There Are Two Types Of Low Sexual Desire In Women, Research Finds
"Low sexual desire" can be a loaded phrase—it can sometimes imply there's a "normal" or "ideal" level of sexual desire that people should strive for, below which there is supposedly a problem. In reality, not being that interested in sex isn't inherently a cause for concern. It's only a problem for someone if that specific person feels it's a problem in their own life.
The two types of low sexual desire in women.
Researchers surveyed 508 women in long-term relationships, asking about how they feel about their relationship, sex life, and life in general. They found women's low sexual desire seems to come in two forms: There are "globally distressed" women and "sexually dissatisfied" women.
Globally distressed women
This group of women had low sexual desire (relative to other women), and they also dealt with both low sexual satisfaction and very low relationship satisfaction. In other words, these women had low desire, felt unhappy with their sex lives, and also felt very unhappy with their relationships in general. They also reported the highest general life stress of all the groups of women.
"A possible explanation for this pattern is that relationship distress was more primary for this group and may have developmentally preceded their sexual dissatisfaction," the researchers explain in the paper on their findings. In other words, this group of women was likely already dealing with problems in their relationship, which then put a damper on their sex lives.
When asked where they thought their sexual desire issues came from, these women tended to externalize the problem—blaming factors outside themselves or blaming their partners. The researchers say the pattern "points to a sense of hopelessness and relational discord."
Sexually dissatisfied women
This group of women also had low sexual desire (again, relative to other women), but while they dealt with low sexual satisfaction just like the globally distressed women, the group of women actually had pretty average levels of relationship satisfaction. In other words, their relationships in general were pretty good, and their issues were contained to the bedroom.
"These results suggest discontent with sexual, but not nonsexual, aspects of the relationship," the researchers write.
And notably, these women also had more average amounts of general life stress, in comparison to the globally distressed women who seemed to have a lot of general life stress.
What women with low sexual desire have in common.
One of the biggest commonalities between the two groups of women with low sexual desire was their poor sexual communication, in comparison to a third group of women categorized as having average sexual desire.
"A large body of research shows that skillful sexual communication is strongly associated with sexual satisfaction in couples' relationships," the researchers explain. "It is possible that avoiding discussions of sexual topics, including preferences, dislikes, and concerns, may be one factor that contributes to low sexual desire in these groups."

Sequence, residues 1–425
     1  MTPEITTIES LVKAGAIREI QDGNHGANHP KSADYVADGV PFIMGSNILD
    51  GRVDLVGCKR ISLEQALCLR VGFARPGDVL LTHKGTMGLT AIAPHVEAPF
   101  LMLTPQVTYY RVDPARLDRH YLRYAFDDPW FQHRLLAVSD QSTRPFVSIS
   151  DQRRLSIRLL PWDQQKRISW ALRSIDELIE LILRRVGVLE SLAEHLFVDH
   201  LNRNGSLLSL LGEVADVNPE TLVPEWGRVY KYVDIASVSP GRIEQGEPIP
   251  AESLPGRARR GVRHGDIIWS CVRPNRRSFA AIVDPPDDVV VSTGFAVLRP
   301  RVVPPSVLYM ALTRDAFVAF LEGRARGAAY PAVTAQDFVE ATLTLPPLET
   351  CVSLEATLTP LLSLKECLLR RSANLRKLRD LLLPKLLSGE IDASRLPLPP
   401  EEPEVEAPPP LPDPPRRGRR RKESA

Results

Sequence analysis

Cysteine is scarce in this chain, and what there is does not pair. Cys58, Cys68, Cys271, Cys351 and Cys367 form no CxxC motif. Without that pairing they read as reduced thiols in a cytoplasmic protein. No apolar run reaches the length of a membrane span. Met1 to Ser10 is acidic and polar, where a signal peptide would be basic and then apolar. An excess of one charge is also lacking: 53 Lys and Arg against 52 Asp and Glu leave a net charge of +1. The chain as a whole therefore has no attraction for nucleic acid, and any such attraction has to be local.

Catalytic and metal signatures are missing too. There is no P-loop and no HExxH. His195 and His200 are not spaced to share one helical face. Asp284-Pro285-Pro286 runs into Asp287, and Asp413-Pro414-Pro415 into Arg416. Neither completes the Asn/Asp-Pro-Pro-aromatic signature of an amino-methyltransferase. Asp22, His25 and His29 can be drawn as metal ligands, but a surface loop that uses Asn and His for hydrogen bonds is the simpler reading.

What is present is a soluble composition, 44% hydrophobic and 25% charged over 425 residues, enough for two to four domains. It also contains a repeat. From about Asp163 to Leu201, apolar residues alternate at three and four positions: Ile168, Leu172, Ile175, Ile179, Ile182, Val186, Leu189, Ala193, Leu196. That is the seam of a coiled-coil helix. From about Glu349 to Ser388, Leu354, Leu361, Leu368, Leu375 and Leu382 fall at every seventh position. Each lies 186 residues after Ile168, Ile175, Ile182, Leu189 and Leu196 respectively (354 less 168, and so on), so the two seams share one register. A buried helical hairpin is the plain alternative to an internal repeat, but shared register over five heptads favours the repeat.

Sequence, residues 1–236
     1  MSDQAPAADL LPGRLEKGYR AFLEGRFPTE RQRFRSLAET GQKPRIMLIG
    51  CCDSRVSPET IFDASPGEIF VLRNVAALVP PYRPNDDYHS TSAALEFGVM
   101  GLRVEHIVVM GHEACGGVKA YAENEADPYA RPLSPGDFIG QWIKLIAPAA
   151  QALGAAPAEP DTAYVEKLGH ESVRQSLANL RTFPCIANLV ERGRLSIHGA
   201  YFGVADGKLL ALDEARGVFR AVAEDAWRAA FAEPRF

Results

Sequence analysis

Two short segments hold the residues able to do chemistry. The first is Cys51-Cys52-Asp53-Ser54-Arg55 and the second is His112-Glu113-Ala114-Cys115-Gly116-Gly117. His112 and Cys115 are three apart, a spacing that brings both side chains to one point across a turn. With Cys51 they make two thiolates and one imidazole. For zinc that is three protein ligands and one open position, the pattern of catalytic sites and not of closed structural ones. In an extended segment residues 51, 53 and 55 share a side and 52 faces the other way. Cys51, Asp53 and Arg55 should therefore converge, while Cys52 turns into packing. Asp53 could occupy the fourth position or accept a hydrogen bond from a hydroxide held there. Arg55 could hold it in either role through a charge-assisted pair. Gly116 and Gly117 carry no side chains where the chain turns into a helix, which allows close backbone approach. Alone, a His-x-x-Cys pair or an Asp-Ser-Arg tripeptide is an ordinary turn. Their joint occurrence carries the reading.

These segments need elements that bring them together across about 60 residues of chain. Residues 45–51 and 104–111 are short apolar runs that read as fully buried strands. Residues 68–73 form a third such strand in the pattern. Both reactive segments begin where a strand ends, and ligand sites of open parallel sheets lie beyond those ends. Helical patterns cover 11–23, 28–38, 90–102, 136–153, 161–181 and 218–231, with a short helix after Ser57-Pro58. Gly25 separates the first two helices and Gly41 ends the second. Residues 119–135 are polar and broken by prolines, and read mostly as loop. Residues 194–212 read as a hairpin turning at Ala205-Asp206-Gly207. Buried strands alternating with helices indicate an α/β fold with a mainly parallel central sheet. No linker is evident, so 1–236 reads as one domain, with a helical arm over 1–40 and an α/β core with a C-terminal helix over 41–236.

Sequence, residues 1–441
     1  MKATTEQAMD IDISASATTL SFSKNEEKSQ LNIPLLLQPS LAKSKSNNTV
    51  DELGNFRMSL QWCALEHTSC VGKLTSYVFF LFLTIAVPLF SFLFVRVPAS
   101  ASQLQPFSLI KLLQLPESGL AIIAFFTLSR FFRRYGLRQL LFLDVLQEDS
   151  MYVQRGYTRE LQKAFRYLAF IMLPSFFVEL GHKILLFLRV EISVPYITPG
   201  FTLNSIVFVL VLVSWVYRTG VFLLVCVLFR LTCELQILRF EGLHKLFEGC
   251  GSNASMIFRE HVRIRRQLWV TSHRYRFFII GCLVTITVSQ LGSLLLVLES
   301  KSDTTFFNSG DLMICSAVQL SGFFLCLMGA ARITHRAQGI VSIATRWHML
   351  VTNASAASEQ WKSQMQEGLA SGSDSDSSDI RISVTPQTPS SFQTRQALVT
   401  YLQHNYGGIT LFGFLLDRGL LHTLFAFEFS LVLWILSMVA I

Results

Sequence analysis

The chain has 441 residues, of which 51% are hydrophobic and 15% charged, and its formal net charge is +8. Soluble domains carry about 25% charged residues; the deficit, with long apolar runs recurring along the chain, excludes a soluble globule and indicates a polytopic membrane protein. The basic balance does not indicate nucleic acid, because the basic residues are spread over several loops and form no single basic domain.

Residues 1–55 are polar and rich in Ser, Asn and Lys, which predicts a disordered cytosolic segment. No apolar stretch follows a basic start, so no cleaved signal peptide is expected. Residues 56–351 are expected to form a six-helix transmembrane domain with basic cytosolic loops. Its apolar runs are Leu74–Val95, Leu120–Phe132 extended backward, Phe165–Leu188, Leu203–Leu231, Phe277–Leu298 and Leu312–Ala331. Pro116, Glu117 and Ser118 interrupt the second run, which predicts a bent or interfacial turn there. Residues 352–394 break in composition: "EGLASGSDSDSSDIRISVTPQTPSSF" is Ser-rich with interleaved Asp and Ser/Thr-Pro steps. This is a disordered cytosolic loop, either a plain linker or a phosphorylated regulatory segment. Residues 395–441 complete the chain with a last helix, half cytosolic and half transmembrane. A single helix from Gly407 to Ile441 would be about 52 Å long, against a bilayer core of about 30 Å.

Notably, the two groups of low-desire women had similar levels of sexual desire, suggesting that just measuring how much desire a person has isn't enough to tell the full story of how women experience desire.
There also wasn't a group of women with low desire who seemed content with their sex life or relationship. "This finding supports the notion that women's sexual desire is strongly tied to the context of her relationship and that desire tends to be higher when women are content in their partnerships," the researchers write.
The bottom line.
"It is possible that women with low sexual desire share a similar outcome but have followed unique trajectories to get to this point," the researchers write. "Our results suggest that women with low desire not only differ qualitatively from women with average desire but also from one another in meaningful ways."
If you struggle with desire, getting to the real root of your libido issues will help you make sure you're finding the right avenues for increasing your desire.
Kelly Gonsalves is a multi-certified sex educator and relationship coach helping people figure out how to create dating and sex lives that actually feel good — more open, more optimistic, and more pleasurable. In addition to working with individuals in her private practice, Kelly serves as the Sex & Relationships Editor at mindbodygreen. She has a degree in journalism from Northwestern University, and she’s been trained and certified by leading sex and relationship institutions such as The Gottman Institute and Everyone Deserves Sex Ed, among others. Her work has been featured at The Cut, Vice, Teen Vogue, Cosmopolitan, and elsewhere.
With her warm, playful approach to coaching and facilitation, Kelly creates refreshingly candid spaces for processing and healing challenges around dating, sexuality, identity, body image, and relationships. She’s particularly enthusiastic about helping softhearted women get re-energized around the dating experience and find joy in the process of connecting with others. She believes relationships should be easy—and that, with room for self-reflection and the right toolkit, they can be.
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